Of course, the impact Ecuador’s arsenal of Russian-made weapons has on the Ukraine-Russia conflict will be practically zero. But the mere fact the Biden Administration is still requesting the weaponry at this late stage in proceedings speaks to the desperate shortages of weapons and other equipment Ukraine now faces, as many of its European allies have themselves run low on supplies. Washington’s request for Russian-made weaponry may also serve other ends, of course, including to reduce Russian arms sales and influence in Latin America with a veiw to supplanting those sales and influence.
A Long Wait
Ukraine has been waiting for this consignment for a long time. As readers may recall, just over a year ago Washington began pressuring governments in Latin America to donate or (in the words of the Commander of US Southern Command, General Laura Richardson) “switch out” Russian military equipment to Ukraine. EU governments and the Zelenksy regime also lobbied Latin American countries to provide weaponry, Russian made or otherwise. Germany even offered to pay Brazil’s government 25 million real (around $5 million) for a store of ammunition for its Leopard 1 tanks.
As I noted at the time, such frantic calls for assistance were indicative of the serious resource constraints afflicting both Ukraine and the NATO alliance. Until Ukraine’s armed forces had enough Western-produced weapons to replenish their stocks, which has arguably never happened, and are well versed in how to use them, which takes a considerable time, its soldiers desperately needed ammunition for the Russian-manufactured arms they are more familiar with. But the calls were roundly rejected, with Brazil’s Lula saying:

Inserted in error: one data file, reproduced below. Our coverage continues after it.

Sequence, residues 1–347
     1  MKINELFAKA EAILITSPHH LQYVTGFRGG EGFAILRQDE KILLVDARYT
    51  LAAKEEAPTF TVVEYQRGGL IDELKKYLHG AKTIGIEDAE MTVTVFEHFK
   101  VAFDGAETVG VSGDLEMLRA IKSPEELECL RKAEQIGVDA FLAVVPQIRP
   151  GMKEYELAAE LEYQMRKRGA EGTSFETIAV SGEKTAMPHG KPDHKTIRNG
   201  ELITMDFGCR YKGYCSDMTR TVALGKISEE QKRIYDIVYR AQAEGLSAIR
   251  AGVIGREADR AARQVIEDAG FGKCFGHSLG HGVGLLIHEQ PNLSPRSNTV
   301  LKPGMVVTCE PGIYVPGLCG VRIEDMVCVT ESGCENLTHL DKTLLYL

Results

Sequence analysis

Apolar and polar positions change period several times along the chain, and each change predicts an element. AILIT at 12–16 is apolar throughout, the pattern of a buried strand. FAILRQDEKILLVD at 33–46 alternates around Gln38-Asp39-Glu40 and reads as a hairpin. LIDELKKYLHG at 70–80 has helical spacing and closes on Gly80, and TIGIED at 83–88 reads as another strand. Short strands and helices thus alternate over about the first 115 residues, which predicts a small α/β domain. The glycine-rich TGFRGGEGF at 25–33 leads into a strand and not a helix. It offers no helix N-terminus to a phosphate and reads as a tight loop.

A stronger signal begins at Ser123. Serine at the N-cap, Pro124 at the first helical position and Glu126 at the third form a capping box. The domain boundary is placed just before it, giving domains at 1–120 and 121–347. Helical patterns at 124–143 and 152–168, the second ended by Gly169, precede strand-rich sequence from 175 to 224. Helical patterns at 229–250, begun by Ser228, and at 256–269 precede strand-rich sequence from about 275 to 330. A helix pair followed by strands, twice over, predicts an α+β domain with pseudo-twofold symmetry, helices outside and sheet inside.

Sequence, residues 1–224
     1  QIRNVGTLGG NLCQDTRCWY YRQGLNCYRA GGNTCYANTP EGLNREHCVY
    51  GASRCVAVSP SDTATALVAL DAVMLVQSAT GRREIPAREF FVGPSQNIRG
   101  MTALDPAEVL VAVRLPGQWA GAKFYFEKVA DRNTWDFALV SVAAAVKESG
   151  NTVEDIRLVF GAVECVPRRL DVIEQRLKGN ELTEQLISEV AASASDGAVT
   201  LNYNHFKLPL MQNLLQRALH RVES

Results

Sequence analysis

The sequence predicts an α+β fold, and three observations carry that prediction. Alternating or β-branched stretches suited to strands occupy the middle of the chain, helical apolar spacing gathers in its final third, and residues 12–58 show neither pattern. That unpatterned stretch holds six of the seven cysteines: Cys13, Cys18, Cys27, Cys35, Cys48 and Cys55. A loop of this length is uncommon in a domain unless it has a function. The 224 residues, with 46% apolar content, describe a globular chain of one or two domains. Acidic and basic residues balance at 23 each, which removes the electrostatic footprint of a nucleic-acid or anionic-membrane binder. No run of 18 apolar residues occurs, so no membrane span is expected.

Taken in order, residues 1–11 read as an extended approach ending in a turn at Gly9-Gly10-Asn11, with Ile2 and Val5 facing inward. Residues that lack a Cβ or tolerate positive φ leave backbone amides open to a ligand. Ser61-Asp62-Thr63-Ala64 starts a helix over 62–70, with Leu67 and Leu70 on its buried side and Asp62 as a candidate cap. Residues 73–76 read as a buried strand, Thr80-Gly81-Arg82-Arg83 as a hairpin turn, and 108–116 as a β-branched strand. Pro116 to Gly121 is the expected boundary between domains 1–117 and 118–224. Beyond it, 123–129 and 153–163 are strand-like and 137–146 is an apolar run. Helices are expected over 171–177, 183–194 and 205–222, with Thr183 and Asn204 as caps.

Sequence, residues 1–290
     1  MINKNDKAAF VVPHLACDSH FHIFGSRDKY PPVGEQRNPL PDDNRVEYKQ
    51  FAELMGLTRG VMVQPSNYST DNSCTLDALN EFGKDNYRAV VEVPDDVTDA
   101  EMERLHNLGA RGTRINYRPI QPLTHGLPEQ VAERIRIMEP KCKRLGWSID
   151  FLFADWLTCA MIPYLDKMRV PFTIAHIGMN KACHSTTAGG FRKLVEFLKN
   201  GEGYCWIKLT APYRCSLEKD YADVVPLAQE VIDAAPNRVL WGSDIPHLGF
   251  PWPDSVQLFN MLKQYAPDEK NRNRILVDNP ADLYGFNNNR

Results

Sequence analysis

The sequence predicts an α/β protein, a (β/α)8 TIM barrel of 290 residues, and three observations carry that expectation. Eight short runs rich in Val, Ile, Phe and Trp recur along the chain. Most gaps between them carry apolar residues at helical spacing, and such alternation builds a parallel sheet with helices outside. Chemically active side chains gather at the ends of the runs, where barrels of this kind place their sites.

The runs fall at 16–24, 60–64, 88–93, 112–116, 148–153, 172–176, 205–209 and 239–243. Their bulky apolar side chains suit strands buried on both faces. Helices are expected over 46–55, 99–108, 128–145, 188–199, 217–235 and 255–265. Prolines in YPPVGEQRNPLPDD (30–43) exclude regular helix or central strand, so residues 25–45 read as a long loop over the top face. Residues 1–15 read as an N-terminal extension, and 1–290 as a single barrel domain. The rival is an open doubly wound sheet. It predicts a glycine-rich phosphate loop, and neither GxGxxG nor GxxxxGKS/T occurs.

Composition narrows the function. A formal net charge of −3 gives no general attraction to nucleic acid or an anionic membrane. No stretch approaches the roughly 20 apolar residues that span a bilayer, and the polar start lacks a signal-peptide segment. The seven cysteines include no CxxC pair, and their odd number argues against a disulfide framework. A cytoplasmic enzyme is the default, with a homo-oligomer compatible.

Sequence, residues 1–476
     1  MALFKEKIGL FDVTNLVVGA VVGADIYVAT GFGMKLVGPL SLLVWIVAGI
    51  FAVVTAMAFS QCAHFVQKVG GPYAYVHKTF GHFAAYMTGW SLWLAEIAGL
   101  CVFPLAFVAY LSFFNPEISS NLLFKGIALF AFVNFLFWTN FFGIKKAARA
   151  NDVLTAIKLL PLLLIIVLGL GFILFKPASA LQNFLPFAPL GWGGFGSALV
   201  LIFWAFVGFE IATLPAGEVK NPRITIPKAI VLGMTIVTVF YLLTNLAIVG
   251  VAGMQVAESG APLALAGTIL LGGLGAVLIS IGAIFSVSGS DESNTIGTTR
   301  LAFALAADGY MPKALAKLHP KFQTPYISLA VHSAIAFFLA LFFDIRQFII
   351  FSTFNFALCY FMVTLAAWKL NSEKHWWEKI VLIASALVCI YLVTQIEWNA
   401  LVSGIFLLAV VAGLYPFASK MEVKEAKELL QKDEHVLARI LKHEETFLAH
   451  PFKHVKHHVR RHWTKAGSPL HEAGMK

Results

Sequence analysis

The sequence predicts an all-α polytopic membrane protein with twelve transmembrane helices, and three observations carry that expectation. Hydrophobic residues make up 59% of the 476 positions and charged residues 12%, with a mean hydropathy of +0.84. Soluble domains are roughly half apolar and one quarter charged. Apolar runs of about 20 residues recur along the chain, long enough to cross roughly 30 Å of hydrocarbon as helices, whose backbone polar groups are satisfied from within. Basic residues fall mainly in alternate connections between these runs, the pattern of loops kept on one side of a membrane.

“Brazil has no interest in passing on ammunition to be used in the war between… Ukraine and Russia. Brazil is a country of peace. At this moment, we need to find those who want peace, a word that until now has been used very little.”
Mexico’s President Andrés Manuel López Obrador (AMLO for short) not only refused to send weapons to Ukraine; he lambasted Germany’s government for its decision to send tanks to the war zone after weeks of resisting US, NATO and Ukrainian pressure. Colombia’s President Gustavo Petro explained in no uncertain terms why his government would not be sending Russian weapons to Ukraine:
“I told them that our constitution includes a commitment, in the international arena, to peace. And [those weapons] will stay as scrap metal in Colombia; we will not hand them over so that they can be taken to Ukraine to prolong a war.”
Even Argentina’s weak President Alberto Fernández declared during a press conference with German Chancellor Olaf Scholz that “neither Argentina nor anyone in Latin America” is thinking of sending weapons to Ukraine.
As it turns out, that probably wasn’t true. In April last year, the Ecuadorian news magazine Vistazo reported that Ecuador’s then-President Guillermo Lasso was considering donating a consignment of Soviet-made helicopters to the Ukrainian cause (translated by yours truly):
The New York Times accessed reports labelled “top secret” indicating that Guillermo Lasso’s government was considering sending Soviet-designed helicopters to Ukraine — a measure that was supported by the United States.
However, the documents, signed in February 2023, do not clarify whether Ecuador fulfilled its intentions.
For its part, Ecuador’s Ministry of Foreign Affairs denied the allegations. In a statement, sent to the NYT, it stated that “the donation of military goods and supplies is not mentioned in Ecuadorian legislation, so an operation of these characteristics would be impossible.”
According to the US newspaper, Ecuador planned to send its old MI-17 helicopters to Ukraine so that the United States could provide it with new aircraft. However, the leaks do not confirm whether US officials promised to replace the Ecuadorian planes if they were moved to Kiev, or even if the arrangement went ahead…